[24 January 2001] – Microsoft is paying Sun Microsystems US$20 million to settle a lawsuit initiated in 1997. In addition, Microsoft is banned from the unauthorized use of the JAVA COMPATIBLE trademark and has accepted Sun’s termination of the prior license agreement.
Sun has said it will continue to support existing Microsoft commercial products based on the outdated Java Development Kit (JDK) 1.1.4 platform for the next 7 years. The current version is JDK 1.3.
The issue resolved revolved around the coding language Java, popularized on its promise of “write once, run everywhere” the same code is promised to work on all operating systems because it is dynamically interpreted by the Java Virtual Machine within an operating system, instead of pre-compiled like, for example, C++. The language also supports a wide variety of hardware platforms, from servers to PCs to PDAs to Smart Cards.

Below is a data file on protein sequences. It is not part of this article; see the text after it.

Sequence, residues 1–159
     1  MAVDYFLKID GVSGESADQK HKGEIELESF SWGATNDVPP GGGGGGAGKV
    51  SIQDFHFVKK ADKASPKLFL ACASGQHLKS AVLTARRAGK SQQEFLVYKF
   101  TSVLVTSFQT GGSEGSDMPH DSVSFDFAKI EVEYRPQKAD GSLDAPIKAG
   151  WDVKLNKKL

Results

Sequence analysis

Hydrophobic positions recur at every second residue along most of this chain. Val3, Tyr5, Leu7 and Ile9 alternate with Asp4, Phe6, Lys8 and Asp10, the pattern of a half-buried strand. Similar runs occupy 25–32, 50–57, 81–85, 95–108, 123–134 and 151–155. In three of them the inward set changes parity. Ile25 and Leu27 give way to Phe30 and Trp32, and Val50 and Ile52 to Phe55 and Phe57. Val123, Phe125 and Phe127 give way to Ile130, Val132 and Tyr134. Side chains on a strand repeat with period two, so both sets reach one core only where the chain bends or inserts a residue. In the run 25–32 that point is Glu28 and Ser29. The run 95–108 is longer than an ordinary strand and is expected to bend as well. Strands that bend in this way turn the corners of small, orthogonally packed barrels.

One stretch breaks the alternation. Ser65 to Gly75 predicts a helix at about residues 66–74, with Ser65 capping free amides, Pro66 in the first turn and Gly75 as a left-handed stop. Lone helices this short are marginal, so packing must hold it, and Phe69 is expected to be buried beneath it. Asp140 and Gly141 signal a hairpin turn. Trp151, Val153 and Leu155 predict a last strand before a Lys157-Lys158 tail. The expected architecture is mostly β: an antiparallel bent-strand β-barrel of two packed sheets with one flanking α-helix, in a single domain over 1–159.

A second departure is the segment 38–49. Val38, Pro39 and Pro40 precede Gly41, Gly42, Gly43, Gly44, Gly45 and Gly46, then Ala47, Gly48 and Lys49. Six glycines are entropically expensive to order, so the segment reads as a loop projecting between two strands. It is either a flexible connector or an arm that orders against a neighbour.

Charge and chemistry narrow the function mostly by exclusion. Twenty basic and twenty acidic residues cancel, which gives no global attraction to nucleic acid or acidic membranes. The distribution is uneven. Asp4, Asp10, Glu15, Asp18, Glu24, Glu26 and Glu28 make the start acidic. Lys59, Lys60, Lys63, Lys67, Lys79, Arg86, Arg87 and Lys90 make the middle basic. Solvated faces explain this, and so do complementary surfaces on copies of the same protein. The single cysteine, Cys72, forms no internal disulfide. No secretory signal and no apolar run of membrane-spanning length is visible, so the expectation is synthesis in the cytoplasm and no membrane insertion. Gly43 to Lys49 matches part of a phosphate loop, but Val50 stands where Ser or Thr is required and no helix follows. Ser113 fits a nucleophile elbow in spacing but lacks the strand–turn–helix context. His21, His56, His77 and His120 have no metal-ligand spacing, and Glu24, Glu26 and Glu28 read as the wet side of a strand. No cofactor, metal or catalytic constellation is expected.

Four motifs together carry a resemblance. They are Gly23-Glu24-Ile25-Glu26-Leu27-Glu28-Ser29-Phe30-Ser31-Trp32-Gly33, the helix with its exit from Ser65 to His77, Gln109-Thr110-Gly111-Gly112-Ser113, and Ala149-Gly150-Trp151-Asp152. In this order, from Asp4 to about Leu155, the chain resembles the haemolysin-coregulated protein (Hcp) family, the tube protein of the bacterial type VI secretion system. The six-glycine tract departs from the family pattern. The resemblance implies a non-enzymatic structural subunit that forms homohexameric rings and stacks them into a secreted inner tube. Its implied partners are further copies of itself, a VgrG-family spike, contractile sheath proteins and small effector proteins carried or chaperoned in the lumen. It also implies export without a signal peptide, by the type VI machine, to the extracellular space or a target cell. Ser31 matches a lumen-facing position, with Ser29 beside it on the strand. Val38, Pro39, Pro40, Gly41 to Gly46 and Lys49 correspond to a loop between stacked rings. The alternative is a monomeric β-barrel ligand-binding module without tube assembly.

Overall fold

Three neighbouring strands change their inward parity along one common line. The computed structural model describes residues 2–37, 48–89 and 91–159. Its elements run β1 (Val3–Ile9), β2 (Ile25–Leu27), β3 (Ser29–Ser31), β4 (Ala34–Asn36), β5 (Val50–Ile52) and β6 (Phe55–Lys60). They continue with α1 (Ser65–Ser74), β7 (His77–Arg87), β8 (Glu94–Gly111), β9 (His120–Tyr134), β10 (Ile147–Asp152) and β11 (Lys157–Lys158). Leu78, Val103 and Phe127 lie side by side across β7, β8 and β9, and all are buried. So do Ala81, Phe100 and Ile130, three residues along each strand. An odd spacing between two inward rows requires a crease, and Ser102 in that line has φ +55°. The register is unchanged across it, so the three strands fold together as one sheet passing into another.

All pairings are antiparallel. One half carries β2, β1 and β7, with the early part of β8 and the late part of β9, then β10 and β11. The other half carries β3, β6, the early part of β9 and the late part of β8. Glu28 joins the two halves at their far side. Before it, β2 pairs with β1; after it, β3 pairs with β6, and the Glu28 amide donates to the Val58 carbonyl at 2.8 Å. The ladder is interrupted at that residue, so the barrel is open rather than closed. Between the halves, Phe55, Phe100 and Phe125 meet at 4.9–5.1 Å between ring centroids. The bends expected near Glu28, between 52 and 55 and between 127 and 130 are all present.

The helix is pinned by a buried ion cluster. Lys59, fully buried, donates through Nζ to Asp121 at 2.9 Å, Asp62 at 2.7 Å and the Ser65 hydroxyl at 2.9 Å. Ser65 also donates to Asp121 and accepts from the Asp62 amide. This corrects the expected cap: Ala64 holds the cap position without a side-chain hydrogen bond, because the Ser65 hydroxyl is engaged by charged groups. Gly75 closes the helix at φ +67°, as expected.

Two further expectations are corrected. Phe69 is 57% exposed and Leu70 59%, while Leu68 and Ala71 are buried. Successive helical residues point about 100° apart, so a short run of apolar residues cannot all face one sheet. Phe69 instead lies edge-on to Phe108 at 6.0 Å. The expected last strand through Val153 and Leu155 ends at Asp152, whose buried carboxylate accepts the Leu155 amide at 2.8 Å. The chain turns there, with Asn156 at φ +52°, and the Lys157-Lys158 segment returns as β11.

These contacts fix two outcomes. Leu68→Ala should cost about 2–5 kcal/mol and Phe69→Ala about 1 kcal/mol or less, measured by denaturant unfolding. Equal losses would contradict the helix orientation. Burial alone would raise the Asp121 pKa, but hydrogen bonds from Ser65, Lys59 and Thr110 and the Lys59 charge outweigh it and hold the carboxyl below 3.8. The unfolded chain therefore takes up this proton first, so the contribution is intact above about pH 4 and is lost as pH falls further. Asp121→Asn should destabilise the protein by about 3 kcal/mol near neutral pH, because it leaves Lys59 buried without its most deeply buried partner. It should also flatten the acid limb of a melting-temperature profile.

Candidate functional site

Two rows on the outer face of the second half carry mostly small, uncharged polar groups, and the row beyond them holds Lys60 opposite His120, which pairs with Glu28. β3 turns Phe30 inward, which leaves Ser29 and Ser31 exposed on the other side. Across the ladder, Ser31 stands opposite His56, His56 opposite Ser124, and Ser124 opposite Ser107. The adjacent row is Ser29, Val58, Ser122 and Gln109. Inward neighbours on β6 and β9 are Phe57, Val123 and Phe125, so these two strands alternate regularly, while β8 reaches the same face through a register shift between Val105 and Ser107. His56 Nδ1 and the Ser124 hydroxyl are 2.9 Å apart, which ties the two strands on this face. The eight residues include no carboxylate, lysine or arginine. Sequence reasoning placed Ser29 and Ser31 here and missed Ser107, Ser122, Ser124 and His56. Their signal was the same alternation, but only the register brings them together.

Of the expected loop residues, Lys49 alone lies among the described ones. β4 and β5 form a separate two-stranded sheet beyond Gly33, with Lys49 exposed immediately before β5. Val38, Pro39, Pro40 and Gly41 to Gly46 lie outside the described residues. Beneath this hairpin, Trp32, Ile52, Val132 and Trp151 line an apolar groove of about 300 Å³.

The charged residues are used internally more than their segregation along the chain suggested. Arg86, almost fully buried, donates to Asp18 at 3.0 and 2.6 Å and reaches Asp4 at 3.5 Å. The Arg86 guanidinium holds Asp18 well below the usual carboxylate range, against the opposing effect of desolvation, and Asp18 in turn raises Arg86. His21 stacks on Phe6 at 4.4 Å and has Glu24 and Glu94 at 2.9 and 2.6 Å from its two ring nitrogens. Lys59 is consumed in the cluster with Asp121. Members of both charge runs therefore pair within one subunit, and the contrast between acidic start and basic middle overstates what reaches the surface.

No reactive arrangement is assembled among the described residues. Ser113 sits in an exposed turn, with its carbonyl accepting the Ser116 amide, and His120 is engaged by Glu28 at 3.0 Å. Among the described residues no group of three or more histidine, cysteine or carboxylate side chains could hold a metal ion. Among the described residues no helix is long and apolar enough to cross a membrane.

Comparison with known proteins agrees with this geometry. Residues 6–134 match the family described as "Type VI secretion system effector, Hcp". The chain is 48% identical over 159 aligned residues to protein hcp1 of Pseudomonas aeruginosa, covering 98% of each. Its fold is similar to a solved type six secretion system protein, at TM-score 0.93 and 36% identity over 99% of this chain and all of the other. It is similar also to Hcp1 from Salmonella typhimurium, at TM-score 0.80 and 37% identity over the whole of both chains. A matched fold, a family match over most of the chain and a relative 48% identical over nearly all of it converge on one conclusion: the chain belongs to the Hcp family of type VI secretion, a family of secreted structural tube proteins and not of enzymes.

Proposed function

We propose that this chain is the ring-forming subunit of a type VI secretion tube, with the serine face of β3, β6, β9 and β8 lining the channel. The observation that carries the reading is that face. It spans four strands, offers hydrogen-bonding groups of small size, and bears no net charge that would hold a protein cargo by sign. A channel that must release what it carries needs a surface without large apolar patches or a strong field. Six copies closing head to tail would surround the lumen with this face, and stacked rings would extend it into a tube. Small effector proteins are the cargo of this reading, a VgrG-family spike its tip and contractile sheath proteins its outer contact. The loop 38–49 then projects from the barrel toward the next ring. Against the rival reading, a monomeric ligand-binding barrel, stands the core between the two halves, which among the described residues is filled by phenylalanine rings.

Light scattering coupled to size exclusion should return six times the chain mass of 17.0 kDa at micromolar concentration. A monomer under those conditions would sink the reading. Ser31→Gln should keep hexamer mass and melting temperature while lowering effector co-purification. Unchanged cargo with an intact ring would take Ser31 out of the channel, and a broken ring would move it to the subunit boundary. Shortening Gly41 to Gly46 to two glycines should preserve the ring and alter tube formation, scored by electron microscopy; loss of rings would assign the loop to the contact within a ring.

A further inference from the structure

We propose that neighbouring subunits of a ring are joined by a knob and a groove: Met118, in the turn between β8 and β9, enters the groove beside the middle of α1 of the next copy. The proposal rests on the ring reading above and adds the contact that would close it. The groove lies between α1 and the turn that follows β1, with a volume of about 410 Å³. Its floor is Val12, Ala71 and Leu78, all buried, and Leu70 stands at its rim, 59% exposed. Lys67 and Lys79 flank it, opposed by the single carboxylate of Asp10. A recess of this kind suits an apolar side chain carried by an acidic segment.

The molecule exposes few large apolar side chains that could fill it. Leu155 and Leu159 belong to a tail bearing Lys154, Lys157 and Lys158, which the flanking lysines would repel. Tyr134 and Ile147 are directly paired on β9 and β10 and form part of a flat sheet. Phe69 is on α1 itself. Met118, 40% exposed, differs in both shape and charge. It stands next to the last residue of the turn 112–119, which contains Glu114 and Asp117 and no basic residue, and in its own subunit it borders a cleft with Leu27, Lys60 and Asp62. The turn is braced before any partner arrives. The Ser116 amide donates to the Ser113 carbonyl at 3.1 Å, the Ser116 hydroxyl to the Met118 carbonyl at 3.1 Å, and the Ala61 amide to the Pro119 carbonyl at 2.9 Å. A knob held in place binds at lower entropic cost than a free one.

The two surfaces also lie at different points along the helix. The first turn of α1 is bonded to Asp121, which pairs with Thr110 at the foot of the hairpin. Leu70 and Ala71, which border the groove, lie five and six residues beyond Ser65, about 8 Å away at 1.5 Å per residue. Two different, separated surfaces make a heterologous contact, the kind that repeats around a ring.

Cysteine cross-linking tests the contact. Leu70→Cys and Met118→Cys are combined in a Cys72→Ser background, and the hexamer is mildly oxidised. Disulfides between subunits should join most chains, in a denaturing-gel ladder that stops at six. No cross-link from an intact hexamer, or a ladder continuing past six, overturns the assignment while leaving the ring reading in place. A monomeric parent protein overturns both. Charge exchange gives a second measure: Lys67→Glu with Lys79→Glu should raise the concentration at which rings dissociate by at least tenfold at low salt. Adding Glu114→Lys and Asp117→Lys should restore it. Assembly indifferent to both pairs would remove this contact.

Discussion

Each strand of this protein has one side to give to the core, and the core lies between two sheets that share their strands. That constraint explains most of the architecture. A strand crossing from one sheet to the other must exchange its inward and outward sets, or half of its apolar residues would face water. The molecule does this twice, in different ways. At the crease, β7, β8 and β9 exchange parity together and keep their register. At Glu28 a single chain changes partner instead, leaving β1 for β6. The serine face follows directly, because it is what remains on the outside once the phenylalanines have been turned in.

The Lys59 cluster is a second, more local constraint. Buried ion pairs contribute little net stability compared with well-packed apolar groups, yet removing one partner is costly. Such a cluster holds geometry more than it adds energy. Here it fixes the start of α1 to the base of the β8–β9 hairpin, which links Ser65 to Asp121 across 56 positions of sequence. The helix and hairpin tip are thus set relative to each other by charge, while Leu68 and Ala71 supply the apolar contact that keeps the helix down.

Given the range of development options made available to those who learn the technology, and the fact that it’s free, many programmers have adopted the language: over 3 million versions of the Java 2 software development kit have been downloaded and Sun claims Java has between a 75%-90% share of the application server market.
In 1996 Microsoft obtained a license from Sun to use the Java technology, part of the license agreement being that Microsoft would deliver only compatible implementations of the technology.
According to Stefano Mattiello, Managing Director of Sun Microsystems South Africa Microsoft simply didn’t update it’s version, sticking to the JDK 1.1.4 version, and so ensuring Windows-only compatibility. An example of Microsoft’s “Embrace and Extend” philosophy
Mattiello said that Sun will continue to support the Windows operating system. Microsoft could regain their JAVA COMPATIBLE seal and a new licensing agreement, he says, but it is up to Microsoft to demonstrate trustworthiness and support the entire Java community.